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Optimise supply chains to be competitive

Optimisation is concerned with the removal of supply chain inefficiencies and is defined as the management of complicated supply chains in their entirety with the objectives of synchronising all value-adding production and distribution activities and the elimination of activities that do not add value.

supply chain management with GIBSON SIBANDA

The objectives of supply chain optimisation is to synchronise all value-adding production and distribution activities, eliminating activities that do not add value in order for supply chains. the objective is to be competitive, providing the highest possible levels of customer service, delight customers by exceeding their expectations, increasing customer satisfaction and loyalty, increase responsiveness and value and achieving cost-effectiveness. Cost-effectiveness is also referred to as value for money and may be expressed as a ratio: value of benefit received divided by cost of benefit. Achieving maximum productivity from resources expected or assets employed — productivity is also a ratio, relating outputs to one or more inputs. An increase in output per unit of input is an increase in productivity. Thus, the total productivity of a supply chain is: total output divided by total input. The below factors in supply chain optimisation need to be implemented to achieve competitiveness.

Reduction of uncertainty
The three distinct sources of uncertainty that plague supply chains are: suppliers, manufacturing and customers.

Suppliers
Failure to fulfil delivery promises.

Manufacturing
Machine breakdowns, computer foul-ups that route materials to the wrong place.

Customers
Uncertainty regarding order quantities and the “bullwhip” effect, thus the increase in demand variability further up the supply chain. that is when orders from distributors fluctuate more than retail rates, which are fairly uniform. All these increase waste through inventory.

Collaboration
Collaboration is normally most likely to be achieved by collaboration between cross-functional teams within the organisation and customers and suppliers external to it. Such collaboration may optimise product and process design and customers’ and suppliers’ satisfaction.

Benchmarking
Before we can optimise, we must know what performance is possible. Benchmarking has been defined by Naylor as the practice of recognising and examining the best industrial and commercial practices in industry or in the world and using this knowledge as the basis for improvement in all aspects of business. Benchmarking is more than imitation as Naylor states, “it’s thorough analysis of success and a spreading of learning throughout the organisation.”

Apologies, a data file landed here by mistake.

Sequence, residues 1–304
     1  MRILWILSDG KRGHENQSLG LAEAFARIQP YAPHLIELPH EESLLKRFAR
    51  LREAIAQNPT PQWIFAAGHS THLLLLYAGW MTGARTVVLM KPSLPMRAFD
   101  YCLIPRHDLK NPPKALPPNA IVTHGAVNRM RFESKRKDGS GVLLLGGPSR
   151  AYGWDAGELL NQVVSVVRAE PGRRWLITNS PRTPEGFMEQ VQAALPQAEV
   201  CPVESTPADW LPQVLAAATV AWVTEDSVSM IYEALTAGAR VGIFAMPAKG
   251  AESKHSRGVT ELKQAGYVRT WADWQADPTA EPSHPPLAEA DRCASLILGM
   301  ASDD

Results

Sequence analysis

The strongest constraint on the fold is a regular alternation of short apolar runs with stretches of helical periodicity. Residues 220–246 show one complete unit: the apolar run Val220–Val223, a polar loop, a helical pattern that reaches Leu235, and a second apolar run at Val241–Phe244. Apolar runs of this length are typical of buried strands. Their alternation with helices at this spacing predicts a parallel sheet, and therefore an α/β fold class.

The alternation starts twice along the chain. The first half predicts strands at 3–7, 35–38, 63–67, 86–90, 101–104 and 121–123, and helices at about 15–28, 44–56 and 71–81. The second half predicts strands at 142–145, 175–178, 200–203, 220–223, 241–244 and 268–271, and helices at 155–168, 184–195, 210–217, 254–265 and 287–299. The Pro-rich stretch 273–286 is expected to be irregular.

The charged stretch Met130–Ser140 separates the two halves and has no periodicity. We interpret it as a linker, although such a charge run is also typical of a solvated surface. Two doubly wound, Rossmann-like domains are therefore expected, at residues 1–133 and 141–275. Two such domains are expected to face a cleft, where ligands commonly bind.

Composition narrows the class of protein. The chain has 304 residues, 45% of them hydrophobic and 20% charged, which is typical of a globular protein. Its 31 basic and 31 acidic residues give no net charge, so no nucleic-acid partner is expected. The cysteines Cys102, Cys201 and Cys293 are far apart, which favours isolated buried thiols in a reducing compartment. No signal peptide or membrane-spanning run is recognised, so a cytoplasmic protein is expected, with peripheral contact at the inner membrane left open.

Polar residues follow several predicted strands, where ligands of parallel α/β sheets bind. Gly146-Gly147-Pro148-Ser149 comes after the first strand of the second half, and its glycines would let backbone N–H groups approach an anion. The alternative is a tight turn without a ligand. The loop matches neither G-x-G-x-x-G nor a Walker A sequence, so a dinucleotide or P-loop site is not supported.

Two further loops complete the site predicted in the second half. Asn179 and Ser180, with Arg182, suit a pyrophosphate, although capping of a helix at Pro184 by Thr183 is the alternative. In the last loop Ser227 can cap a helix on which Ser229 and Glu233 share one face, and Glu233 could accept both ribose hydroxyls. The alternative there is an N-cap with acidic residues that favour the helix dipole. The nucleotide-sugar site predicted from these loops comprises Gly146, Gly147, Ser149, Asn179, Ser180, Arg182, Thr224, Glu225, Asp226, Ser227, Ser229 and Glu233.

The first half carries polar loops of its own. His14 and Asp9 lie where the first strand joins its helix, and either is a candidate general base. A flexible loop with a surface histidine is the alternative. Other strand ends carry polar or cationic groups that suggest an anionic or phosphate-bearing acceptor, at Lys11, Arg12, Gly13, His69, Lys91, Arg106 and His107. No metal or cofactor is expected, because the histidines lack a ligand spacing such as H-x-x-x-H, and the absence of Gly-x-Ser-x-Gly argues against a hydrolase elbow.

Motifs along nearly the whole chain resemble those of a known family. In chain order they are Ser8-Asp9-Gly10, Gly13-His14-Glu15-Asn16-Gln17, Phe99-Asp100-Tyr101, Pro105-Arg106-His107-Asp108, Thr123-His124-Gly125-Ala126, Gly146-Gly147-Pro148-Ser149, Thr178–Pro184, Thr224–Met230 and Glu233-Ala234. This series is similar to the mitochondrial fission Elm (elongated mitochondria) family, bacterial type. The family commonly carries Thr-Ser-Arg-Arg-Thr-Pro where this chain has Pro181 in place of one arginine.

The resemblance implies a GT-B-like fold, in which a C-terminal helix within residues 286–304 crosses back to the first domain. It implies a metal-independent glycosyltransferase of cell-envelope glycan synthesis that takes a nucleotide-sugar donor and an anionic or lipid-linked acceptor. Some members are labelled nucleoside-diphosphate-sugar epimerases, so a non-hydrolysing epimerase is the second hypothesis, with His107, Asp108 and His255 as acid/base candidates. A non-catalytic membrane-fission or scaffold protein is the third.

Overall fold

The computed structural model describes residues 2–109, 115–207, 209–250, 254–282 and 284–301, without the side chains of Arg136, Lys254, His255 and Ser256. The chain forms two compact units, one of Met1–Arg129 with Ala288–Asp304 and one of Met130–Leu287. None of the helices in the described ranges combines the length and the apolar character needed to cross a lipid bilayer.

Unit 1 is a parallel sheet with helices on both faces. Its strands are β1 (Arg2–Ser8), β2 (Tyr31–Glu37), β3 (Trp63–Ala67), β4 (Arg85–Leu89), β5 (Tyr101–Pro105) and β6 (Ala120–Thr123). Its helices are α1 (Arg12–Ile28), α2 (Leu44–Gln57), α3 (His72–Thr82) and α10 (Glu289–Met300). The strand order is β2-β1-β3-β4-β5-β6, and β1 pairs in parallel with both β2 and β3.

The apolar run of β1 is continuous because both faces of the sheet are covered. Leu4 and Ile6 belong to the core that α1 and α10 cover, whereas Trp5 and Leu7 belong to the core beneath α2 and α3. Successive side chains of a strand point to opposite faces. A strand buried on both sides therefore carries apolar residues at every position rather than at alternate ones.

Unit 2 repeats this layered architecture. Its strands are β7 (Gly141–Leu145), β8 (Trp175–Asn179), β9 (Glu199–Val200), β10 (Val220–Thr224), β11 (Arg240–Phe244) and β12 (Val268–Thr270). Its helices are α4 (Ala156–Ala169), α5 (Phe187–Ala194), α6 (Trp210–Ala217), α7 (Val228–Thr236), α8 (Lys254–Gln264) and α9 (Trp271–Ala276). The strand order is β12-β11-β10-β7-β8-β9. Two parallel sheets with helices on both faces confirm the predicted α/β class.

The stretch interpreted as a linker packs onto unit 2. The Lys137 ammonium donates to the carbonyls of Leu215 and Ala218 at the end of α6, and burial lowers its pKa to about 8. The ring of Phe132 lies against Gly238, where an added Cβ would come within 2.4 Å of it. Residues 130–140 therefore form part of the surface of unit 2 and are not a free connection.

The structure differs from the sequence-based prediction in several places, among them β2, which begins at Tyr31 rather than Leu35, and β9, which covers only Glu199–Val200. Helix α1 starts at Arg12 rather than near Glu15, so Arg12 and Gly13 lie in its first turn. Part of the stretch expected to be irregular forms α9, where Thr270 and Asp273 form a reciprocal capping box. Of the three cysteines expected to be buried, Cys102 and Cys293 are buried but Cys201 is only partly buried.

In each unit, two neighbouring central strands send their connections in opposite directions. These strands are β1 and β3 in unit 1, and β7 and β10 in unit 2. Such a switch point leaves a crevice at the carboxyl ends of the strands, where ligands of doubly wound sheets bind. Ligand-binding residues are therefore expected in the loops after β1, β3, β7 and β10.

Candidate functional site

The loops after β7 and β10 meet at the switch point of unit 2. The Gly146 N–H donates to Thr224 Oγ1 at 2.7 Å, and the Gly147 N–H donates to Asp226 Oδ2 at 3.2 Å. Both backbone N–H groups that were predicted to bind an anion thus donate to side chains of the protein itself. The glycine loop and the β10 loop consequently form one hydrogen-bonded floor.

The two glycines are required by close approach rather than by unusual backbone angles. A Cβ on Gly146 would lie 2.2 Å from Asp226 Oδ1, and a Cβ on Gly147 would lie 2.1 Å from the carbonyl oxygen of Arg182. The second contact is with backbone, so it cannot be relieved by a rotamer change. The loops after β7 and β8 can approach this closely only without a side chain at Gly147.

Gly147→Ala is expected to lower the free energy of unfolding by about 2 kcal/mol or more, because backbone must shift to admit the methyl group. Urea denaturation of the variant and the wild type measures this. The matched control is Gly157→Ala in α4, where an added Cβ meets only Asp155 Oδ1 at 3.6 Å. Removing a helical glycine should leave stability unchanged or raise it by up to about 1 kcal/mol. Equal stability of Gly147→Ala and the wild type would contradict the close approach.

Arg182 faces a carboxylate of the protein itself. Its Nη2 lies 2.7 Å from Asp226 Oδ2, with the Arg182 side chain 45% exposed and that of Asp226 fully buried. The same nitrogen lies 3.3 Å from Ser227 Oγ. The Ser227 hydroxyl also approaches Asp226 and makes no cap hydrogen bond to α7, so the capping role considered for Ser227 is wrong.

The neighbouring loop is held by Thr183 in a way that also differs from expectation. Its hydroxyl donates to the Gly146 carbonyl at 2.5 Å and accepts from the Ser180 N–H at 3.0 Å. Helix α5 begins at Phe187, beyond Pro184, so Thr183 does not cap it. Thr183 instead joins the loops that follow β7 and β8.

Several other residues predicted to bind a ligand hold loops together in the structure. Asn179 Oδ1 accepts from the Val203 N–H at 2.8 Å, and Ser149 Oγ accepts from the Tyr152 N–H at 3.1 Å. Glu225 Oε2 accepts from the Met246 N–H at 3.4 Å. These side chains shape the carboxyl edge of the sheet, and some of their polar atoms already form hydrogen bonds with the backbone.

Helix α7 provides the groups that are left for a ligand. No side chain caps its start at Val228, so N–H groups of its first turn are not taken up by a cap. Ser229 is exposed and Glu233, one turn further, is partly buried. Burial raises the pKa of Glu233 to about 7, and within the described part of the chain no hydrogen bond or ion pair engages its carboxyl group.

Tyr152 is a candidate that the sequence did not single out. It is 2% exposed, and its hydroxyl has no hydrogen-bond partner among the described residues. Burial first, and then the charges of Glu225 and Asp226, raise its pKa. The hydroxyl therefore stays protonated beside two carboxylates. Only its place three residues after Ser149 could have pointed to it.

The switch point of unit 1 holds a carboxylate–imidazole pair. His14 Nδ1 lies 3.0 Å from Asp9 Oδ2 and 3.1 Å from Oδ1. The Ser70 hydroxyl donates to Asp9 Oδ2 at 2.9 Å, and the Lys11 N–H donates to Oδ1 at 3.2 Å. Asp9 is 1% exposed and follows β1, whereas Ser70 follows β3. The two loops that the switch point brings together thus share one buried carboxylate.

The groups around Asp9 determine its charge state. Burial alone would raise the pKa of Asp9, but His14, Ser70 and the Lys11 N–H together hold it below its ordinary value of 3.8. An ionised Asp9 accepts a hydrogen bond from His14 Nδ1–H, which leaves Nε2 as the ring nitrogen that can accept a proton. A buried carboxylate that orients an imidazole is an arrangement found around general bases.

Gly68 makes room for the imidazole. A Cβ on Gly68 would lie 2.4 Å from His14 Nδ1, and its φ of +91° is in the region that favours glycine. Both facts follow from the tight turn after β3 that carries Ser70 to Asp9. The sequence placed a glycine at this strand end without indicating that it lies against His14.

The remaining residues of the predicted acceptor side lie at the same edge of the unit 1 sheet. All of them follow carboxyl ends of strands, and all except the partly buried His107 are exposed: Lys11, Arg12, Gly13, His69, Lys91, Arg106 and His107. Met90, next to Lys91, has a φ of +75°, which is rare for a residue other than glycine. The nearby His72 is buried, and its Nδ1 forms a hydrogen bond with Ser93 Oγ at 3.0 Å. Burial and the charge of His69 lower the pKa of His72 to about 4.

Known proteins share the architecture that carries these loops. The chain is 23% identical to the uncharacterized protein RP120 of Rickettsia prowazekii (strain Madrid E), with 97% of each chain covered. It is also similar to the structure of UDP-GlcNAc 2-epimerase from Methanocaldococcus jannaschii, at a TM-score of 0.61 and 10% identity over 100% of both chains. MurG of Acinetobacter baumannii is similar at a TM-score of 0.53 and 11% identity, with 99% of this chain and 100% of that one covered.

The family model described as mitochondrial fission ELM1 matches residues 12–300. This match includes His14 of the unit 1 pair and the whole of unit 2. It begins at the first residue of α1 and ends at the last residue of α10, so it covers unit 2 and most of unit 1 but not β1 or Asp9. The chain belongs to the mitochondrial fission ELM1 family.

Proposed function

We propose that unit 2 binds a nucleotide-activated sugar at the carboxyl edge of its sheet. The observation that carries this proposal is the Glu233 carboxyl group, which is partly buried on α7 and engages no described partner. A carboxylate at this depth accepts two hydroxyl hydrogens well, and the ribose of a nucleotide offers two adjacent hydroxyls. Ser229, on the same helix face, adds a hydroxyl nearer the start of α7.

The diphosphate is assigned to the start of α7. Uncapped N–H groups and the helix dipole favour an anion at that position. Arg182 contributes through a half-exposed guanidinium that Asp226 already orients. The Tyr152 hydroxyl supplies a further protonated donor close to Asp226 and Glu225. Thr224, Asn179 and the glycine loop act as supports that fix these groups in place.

Key Performance Indicators (KPIs)
KPIs express abstract supply chain objectives in financial or physical units for the purpose of comparison. Data relating to various functions, processes or activities is assembled, quantified and transformed into physical or financial information that can be used to compare results — often against benchmarks — and then measure relative performance. The performance of both suppliers and customers with regard to delivery of orders on time can be expressed as a percentage of the orders placed. KPIs can provide not only objectives to achieve but also the motivation to achieve or better the required performance.

Leadership
the impetus for supply chain optimisation and world class supply chain management must either derive from or have the support of top management. This requires two-way communication between top management and the senior manager responsible either for the integrated supply chain or functions and processes within it. Important leadership characteristics are the ability to articulate the vision of an optimised supply chain to other team members, set and motivate the team to achieve goals, innovate and introduce change, nurture the competences of team members, foster a culture of continuous learning and improvement, and display high levels of personal integrity.

Actions to improve supply chain performance
For products, these actions include the use of standard components and sub-assemblies, lower tolerances, fewer product offerings and the production of a generic product. For processes, typical actions may be to reward suppliers’ performance, subcontract inbound freight handling, remove bottlenecks, introduce self-managed work teams and device improved forecasting techniques. The strategic, tactical and operational level decision-making processes should all be influenced by the search for supply chain optimisations.

Gibson Sibanda is a member of the Chartered Institute of Procurement and Supply (MCIPS), Secretary of Cips Zimbabwe branch. The views expressed in the article are entirely personal. For feedback you may contact him on gibbiesibanda@gmail.com

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